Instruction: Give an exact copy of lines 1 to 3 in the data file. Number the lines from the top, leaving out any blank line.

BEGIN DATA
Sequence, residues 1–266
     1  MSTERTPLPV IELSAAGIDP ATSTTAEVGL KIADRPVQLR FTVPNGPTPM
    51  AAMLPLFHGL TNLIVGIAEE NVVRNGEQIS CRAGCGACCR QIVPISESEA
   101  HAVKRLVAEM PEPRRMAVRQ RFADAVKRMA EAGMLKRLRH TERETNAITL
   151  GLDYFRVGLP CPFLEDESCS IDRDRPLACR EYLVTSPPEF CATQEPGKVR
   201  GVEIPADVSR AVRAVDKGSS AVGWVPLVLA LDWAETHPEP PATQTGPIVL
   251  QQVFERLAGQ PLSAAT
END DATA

Sequence, residues 1–266
     1  MSTERTPLPV IELSAAGIDP ATSTTAEVGL KIADRPVQLR FTVPNGPTPM
    51  AAMLPLFHGL TNLIVGIAEE NVVRNGEQIS CRAGCGACCR QIVPISESEA